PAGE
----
Republicans’ Mixed Progress on Race

For the first time since Reconstruction there are two black Republicans in Congress and both come from majority-white districts in the Deep South.  These candidates point to both the promise and the problem of Republicans’ efforts to broaden the Party’s appeal beyond its overwhelmingly white modern constituency.

Where is the problem in this development?  Those two successful candidates represented about 6% of the black Republicans in Congressional races last year.  For all the progress on race issues, the GOP still cannot elect a black candidate in a black district.  We’re not even close to doing that.  Why?  There are a lot of reasons, but only one really matters.

No black political figure can get a hearing inside the GOP right now while speaking truthfully about race.  Period.  An African-American who hopes for a place in the Republican power structure better know which subjects they can and cannot discuss.  This problem limits the Party’s ability to build lasting appeal beyond a demographically declining white fundamentalist base and undermines its value to the country.

There are a lot of reasons why conservatives ought to be gaining serious ground in black communities.  The old-left political model has betrayed African-Americans without mercy.  It has allowed corrupt politicians to fleece majority black districts with near-impunity so long as they turn out votes for the machine.  In the meantime its gutted schools and strangled economic development, leaving some of those communities poorer and more violent than they were before the Civil Rights Movement.

They turned their backs on the vital core of black entrepreneurs who managed to survive Jim Crow.  By embracing a model for economic development that was almost entirely dependent on government influence, they finished off the old entrepreneur class, weakened an already besieged family structure, and left the black community with little leadership outside the churches and the public sector.

African-Americans’ loyalty to the Democratic Party has been an unmitigated disaster.  But where are they supposed to go?

The Republican Party wants to move past the dark history of racism, but they want to do it on their own terms – denying its depth and stubbornly refusing to confront its continuing legacy.  For most white Republicans the end of racism means being willing to sit at a table with a black man without asking him to refill your coffee cup.  Blacks are allowed to participate fully so long as they make no attempt to talk about the ways that racism impacts their lives.  White Republicans fully expect that being “color-blind” means they don’t have to hear about race anymore.

An African American Republican Congressional candidate in Chicago last fall was campaigning on the proud history of black entrepreneurship by recalling memories of the “Black Wall Street” that once thrived in Tulsa.  That’s great, except he was claiming that it was destroyed by the New Deal and a culture of dependency.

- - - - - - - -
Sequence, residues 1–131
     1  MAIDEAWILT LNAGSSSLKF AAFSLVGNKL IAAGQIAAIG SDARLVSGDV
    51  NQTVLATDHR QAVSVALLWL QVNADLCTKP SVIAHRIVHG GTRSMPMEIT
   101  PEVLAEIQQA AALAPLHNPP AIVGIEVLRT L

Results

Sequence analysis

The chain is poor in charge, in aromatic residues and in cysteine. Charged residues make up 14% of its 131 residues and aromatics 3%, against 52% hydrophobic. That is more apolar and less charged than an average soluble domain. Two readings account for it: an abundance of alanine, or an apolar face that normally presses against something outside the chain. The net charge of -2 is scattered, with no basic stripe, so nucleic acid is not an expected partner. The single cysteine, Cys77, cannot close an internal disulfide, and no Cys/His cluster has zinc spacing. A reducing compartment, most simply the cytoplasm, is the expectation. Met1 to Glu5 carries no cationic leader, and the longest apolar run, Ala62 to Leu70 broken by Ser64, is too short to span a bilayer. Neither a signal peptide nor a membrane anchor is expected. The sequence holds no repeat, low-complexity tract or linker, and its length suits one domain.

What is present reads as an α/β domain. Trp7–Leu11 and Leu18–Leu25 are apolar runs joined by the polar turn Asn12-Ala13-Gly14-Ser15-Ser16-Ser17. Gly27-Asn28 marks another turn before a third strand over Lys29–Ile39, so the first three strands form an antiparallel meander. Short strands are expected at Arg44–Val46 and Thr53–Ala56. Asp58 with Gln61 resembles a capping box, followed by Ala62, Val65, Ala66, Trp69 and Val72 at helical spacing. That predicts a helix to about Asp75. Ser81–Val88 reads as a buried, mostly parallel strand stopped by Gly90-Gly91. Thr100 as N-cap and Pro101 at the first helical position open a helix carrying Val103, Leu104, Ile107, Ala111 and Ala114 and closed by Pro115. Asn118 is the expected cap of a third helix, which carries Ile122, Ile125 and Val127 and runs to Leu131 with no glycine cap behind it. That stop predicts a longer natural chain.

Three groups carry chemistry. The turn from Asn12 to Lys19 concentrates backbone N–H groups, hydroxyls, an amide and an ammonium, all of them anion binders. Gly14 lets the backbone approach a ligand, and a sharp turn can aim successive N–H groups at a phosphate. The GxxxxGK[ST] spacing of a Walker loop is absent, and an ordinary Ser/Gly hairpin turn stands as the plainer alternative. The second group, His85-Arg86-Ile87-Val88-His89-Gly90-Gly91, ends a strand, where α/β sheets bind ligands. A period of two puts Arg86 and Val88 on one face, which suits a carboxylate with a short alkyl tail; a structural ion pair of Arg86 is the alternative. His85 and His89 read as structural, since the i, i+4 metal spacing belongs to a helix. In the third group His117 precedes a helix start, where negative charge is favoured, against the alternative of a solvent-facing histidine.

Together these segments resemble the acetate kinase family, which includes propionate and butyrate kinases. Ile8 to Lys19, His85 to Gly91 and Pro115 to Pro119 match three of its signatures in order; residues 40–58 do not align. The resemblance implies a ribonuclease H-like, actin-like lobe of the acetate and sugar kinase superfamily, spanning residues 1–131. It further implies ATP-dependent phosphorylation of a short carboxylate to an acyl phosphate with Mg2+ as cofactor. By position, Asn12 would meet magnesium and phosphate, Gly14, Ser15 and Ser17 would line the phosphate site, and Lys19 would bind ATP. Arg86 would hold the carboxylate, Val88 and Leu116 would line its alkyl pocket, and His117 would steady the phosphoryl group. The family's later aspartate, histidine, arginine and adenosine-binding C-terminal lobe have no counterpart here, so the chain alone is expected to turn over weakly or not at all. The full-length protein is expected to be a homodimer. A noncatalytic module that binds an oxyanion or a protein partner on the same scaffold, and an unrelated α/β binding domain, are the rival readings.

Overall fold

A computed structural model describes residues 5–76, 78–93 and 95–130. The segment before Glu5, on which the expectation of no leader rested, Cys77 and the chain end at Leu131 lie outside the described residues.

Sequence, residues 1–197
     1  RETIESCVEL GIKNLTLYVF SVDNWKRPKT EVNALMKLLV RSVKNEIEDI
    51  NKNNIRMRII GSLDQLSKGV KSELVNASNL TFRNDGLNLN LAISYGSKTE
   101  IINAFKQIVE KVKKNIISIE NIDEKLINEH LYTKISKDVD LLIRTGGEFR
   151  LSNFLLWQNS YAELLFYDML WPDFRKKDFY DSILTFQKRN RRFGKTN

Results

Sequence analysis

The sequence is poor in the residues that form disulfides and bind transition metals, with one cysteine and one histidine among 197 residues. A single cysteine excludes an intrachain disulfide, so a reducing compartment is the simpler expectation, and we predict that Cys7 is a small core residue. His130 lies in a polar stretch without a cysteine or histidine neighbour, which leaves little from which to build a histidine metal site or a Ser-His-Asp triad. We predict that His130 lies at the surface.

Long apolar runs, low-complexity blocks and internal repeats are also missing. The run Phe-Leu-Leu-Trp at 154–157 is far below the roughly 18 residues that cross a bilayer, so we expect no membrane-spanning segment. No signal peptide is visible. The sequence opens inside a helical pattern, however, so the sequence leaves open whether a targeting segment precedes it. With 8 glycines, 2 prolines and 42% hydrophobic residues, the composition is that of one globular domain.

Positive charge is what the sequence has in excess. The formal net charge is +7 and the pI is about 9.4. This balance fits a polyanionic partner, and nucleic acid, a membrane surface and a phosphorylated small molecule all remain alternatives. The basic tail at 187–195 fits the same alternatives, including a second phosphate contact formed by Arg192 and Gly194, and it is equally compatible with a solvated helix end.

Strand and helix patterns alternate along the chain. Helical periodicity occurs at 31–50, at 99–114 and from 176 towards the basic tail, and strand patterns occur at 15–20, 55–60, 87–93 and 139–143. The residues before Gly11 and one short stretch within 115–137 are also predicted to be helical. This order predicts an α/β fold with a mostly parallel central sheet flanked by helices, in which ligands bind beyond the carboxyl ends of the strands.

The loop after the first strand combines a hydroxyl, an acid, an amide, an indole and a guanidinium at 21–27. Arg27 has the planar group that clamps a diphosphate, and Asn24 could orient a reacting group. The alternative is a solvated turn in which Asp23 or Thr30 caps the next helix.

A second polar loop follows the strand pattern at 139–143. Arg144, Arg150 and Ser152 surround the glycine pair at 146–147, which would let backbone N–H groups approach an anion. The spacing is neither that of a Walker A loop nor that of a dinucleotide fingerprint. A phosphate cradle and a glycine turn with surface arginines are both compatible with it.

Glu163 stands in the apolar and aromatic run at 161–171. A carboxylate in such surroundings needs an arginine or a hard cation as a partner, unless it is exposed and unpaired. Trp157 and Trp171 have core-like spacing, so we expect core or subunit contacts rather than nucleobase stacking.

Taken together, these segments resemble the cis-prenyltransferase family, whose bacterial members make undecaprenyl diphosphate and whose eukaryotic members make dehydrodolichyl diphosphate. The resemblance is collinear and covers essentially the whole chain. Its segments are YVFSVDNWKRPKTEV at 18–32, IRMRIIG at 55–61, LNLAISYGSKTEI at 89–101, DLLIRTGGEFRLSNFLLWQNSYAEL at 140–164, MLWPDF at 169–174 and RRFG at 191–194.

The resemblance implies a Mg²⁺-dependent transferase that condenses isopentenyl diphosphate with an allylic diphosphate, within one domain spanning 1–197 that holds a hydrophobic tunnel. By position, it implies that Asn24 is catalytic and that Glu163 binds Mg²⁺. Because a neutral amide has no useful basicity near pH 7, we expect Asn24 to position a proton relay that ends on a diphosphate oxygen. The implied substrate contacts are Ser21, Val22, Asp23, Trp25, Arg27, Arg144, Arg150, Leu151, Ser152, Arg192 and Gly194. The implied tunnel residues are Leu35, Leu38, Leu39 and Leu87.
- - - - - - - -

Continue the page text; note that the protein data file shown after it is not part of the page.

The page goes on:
You can make that claim to a white audience.  But blacks on Chicago’s Southside have grandparents who remember what really happened.  Black Wall Street didn’t survive to greet the New Deal because it was burned to the ground by whites in a race riot in 1921.  That candidate, who otherwise had a lot of good ideas, won less than a quarter of the vote.  That kind of historical whitewash is more than just political posturing, it carries a sobering taint of treachery.

Ideology aside, an African-American who wants to participate in the Republican Party will have to tolerate a steady stream ignorant insults and “Macaca Moments.” An appeal to tone down the insensitive rhetoric will…let’s just say…not generally be warmly greeted.

As a consequence, the only sizable segment of the black community who are currently making the move are religious fundamentalists.  It makes sense because they have the greatest ideological overlap with the wildest elements of the GOP.  But they are not a group of folks who are likely to broaden the Party’s appeal.

It is good that in a couple of white Congressional districts in the Deep South Republicans have been willing to send a black man to Congress.  It would be even better if we were capable of supporting black political figures who could win black support.

I’d like to think that the GOP will find a way soon to make genuine inroads in the black community, but we are unlikely to see this happen while the Party is still locked in its Neo-Confederate freak-out.  While the Republican Party tries to work out its crippling mental health problems, we can expect that the only African-American figures it will sponsor will share its present delusions.

We will continue to run black candidates who couldn’t hope to borrow a glass of water in a majority black Congressional district while a growing but frustrated core of traditional black conservatives remain politically homeless.  And in the meantime many black communities will continue to suffer under a left-influenced culture that is calculated to limit their ambitions.

Once upon time, black meant Republican.  That time may come again, but for now it is a dream deferred.


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